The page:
8. Strangely, however, as already indicated earlier, the record also bears out that after June 20, 1960, the date when the period of Banzon to redeem the two titles, TCT 39685 and 53759, which were sold at auction as stated in paragraph 4 above expired, Associated "obtained in due time the corresponding final certificate of sale, which was likewise duly registered" in view of which, Associated "made demands upon (Banzon) to deliver to it the owner's duplicate of Certificates of Title Nos. 39685 and 53759 ... but the latter refused. As a result, it filed in the Court of First Instance of Rizal in Case No. 3885, GLRO Record No. 11267, a petition for an order directing (Banzon) to present his owner's duplicate(s) ... for cancellation, and for another order directing the Register of Deeds to cancel said duplicate(s) and to issue new transfer certificates of title covering the properties in the name of (Associated) ... Banzon filed his opposition claiming mainly that (1) the decision ... in Civil Case No. 31237 was void as far as he was concerned because he had never been summoned in connection therewith. and that in the levy and sale of the properties ... were likewise void because they were conjugal properties ..." (Decision of the Supreme Court, Annex 2, Id.) The trial court overruled these objections and issued the order prayed for, and on appeal to the Supreme Court, this order was affirmed in toto. This was on November 29, 1968. (Id.) In other words, it appears that the proceedings referred to in paragraphs 5 and 6 above leading to the transfer, by order of the court, of Banzon's title to Cardenas took place even before the said title had been placed in the name of Associated.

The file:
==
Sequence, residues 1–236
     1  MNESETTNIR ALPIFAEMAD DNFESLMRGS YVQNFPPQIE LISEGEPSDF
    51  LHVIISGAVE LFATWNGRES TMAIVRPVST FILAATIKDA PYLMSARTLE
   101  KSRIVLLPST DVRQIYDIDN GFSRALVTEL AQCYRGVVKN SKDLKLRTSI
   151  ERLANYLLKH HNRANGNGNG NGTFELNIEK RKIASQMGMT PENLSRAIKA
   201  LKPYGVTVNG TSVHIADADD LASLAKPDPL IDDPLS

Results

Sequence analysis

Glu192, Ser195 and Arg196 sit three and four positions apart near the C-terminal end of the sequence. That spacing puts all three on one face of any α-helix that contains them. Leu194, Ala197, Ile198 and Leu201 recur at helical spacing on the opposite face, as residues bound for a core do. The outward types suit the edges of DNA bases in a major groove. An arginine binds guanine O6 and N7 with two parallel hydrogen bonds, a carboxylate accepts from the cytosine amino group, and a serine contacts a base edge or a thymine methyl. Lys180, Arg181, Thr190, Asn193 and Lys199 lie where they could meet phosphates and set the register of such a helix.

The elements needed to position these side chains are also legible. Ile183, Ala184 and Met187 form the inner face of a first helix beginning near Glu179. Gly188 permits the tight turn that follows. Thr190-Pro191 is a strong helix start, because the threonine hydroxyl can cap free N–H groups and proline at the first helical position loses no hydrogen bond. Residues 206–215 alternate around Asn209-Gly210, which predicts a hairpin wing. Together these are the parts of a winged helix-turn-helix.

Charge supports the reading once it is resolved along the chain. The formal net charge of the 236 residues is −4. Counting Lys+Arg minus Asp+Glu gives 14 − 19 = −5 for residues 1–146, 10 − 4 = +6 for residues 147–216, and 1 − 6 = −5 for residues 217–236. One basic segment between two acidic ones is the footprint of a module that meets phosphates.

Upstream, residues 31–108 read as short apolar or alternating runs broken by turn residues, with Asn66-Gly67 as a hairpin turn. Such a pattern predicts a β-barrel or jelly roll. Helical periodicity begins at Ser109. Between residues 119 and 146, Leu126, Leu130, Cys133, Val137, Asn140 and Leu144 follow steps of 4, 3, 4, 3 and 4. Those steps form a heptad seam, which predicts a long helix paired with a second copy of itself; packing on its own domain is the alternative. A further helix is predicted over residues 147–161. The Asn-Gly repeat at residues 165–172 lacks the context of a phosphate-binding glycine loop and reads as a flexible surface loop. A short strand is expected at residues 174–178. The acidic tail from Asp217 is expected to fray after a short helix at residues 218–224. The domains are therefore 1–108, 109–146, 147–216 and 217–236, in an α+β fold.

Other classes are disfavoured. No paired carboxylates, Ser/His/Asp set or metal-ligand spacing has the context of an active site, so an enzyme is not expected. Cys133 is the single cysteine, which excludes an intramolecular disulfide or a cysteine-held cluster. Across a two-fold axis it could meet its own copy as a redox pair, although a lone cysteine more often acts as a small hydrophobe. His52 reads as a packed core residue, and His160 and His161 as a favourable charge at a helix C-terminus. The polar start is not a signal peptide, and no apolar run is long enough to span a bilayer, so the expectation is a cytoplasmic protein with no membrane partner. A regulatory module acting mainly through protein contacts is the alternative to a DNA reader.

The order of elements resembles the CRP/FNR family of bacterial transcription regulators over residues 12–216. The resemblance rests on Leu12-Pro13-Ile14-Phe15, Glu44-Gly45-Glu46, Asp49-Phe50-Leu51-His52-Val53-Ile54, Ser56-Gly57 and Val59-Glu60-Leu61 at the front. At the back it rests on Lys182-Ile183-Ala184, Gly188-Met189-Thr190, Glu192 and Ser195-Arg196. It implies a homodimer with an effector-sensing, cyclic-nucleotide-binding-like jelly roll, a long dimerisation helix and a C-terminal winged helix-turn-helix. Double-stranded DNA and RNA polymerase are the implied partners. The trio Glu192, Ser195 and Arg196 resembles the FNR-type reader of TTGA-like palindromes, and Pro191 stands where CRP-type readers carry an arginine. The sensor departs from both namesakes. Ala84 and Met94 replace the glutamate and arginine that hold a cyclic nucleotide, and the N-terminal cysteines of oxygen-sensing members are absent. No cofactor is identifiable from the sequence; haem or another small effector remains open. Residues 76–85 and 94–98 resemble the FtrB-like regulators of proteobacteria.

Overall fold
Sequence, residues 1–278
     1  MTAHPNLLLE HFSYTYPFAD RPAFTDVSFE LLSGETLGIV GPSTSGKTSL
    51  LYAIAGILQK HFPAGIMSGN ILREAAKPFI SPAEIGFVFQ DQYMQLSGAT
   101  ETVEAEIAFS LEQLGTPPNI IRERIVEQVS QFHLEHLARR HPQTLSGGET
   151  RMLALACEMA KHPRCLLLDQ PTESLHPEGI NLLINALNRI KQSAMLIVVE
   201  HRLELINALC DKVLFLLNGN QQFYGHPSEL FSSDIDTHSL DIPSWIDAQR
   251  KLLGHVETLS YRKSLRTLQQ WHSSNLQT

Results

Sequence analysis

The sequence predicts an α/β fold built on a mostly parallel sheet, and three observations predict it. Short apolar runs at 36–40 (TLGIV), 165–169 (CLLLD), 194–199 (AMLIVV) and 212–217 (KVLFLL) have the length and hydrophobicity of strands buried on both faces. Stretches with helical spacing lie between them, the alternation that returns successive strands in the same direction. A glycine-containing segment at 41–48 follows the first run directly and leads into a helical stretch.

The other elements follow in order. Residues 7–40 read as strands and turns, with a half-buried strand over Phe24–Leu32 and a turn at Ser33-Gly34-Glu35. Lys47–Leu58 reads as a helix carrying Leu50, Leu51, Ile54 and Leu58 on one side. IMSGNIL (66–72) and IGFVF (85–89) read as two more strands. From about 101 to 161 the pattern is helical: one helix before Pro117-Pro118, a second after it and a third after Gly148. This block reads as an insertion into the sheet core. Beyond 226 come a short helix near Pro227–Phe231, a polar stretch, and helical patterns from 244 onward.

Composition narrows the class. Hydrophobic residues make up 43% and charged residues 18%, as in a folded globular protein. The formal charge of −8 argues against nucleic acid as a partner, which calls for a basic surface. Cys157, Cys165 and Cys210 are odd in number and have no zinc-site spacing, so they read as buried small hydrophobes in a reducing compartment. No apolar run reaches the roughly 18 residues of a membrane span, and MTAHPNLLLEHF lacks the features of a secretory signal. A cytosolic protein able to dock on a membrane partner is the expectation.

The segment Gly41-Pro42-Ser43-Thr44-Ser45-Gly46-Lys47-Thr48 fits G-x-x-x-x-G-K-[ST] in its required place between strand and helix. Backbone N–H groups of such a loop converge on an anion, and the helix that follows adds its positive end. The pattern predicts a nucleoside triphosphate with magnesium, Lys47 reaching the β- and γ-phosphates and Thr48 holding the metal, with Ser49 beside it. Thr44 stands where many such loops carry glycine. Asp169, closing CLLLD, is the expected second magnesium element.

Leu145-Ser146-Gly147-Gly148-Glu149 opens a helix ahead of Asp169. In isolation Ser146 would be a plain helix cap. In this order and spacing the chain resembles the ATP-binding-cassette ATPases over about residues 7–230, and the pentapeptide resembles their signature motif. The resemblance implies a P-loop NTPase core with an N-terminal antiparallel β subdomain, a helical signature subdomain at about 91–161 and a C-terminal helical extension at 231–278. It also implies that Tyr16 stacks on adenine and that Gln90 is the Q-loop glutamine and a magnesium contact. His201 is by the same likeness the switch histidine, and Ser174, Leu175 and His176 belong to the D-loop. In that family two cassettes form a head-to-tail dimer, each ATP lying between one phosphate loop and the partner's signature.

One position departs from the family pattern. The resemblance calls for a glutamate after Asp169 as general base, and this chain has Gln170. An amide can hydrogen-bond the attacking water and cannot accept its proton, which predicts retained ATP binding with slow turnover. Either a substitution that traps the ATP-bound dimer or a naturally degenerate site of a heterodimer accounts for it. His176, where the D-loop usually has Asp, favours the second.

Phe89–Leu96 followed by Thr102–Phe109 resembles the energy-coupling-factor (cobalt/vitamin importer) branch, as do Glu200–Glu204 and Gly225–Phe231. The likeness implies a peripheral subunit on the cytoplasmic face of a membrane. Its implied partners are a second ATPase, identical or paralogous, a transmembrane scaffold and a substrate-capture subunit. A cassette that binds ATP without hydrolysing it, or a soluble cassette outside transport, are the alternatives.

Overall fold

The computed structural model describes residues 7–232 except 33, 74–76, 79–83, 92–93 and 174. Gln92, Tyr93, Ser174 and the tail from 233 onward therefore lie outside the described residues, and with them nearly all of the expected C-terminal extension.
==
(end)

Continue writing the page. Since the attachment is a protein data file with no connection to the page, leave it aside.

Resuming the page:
9. On the basis of the same decision of the Supreme Court of November 29, 1968, a motion to dismiss Civil Case No. 531, referred to in paragraph 7 above was filed and the same was granted on August 6, 1969. Accordingly, on October 13, 1969, Cardenas applied for an alias writ of possession (the original one was held in abeyance as stated in paragraph 7 above), and this alias writ was issued on October 23, 1969. Due to the refusal of Banzon to vacate, an order of demolition was sought and granted on December 9, 1969, but again the enforcement thereof was enjoined by a writ of preliminary injunction issued by the Court of Appeals in CA-G.R. No. 44391-R, entitled "Antonio Banzon, et al. vs. Hon. Fernando Cruz, et al." This writ of preliminary injunction was, however, dissolved in a final judgment of February 28, 1970, the Court of Appeals holding that:

Hence, the petition for injunction prayed for being merely a devise to prevent the execution of a final judgment by the filing of a new suit based upon the same grounds which have already been interposed and passed upon in the case where the final judgment had already been rendered, this petition should be as it is hereby denied, with cost against petitioners.

10. Accordingly, on March 11, 1970, Cardenas sought enforcement of the suspended writ of possession, and on March 13, 1970, the corresponding order was issued. This is the order, inter alia, that this Court has enjoined temporarily in this action, by resolution of March 23, 1970.